In Sir Tipene’s view, Māori must look for “a unique solution away from conventional economic management norms and understandings of the nature of benefit”. In short, iwi must construct uniquely Māori economic paradigm centred on the intergenerational requirements of the tribe. If the tribe is to endure then its capital must endure with it.
Speaking at the same symposium, distinguished professor Graham Smith, CEO of Te Whare Wānanga o Awanuiārangi, said sustainable economic development is fundamental to enabling more self-determining existence.
Smith has just returned from Alaska where, since their settlements in the 1940s, tribes have reorganised themselves as multi-billion-dollar corporations.
“It was particularly interesting,” he said, “to observe at the Annual Alaskan Federation of Natives Convention that the natives sat under the banners of different corporations: for example the Sea Alaska Corporation, the Denali Foundation, the North Slope Corporation and so on.”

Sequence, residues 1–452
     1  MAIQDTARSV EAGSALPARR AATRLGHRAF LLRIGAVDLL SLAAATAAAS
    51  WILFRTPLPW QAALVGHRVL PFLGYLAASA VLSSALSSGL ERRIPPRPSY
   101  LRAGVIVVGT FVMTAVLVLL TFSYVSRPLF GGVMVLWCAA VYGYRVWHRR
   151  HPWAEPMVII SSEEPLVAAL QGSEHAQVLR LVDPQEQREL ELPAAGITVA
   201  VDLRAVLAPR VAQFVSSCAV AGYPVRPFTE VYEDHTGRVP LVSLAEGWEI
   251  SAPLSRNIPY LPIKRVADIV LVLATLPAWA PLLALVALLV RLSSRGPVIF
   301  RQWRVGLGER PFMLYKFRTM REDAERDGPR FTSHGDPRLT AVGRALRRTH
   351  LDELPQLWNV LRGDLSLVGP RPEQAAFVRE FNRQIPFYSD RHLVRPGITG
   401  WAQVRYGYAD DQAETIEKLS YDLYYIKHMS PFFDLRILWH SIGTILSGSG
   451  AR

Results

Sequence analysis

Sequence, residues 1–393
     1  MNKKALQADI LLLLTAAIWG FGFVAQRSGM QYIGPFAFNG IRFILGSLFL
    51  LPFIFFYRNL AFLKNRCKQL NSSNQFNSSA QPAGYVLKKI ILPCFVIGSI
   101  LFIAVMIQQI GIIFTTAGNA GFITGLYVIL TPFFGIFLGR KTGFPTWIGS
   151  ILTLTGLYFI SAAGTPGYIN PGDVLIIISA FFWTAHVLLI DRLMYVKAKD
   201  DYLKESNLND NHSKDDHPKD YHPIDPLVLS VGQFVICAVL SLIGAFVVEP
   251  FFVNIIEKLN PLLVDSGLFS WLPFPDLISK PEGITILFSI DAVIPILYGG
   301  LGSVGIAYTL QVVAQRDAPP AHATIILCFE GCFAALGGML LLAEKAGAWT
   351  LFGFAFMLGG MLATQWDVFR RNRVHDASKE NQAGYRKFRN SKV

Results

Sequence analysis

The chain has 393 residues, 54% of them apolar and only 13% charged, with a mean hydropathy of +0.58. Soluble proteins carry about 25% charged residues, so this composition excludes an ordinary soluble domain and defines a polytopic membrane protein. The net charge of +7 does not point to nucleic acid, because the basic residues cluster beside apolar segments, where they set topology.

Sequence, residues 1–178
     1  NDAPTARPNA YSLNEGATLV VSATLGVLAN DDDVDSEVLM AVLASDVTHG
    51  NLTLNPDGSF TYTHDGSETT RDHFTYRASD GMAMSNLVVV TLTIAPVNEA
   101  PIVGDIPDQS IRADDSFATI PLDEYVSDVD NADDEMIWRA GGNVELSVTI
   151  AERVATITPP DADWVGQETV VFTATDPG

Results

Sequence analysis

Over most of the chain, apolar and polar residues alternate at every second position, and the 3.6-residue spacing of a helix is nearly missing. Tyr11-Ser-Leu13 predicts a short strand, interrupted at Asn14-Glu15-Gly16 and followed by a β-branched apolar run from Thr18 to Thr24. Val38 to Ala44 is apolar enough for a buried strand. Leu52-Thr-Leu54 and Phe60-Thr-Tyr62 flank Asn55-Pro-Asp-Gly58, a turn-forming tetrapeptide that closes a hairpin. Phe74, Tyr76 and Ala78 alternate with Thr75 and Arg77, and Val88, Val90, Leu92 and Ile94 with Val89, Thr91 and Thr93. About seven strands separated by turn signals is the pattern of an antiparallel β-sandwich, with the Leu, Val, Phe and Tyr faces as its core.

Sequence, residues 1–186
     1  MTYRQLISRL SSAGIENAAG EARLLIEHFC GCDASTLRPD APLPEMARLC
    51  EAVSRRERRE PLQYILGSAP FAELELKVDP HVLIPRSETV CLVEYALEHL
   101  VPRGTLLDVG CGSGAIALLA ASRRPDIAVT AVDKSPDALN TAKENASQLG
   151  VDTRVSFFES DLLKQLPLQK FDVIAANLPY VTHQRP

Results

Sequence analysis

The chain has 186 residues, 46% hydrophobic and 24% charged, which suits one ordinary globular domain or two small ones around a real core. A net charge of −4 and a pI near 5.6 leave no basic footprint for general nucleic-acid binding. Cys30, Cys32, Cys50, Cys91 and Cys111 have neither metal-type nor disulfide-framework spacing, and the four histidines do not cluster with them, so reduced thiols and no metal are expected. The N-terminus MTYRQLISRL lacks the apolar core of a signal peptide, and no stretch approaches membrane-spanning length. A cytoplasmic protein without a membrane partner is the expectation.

Professor Smith said sustainable economic development is fundamental to enabling more self-determining existence and Māori needed to take more care as they position themselves for the future.
“Iwi cannot have sustainable or effective socio-economic revolution without prior or simultaneous education and schooling revolution. If the treaty settlement phase has been mostly about lawyers, then the post-treaty settlement era needs to accentuate education and skills development.”
While treaty settlements are important, many people believe the key is for iwi to unlock the potential value of the Māori asset base both by themselves and with assistance from other partners and stakeholders.
Significantly, most of this activity is happening in the provinces and is expected to provide lift for these areas: many of which are experiencing considerable socio-economic problems.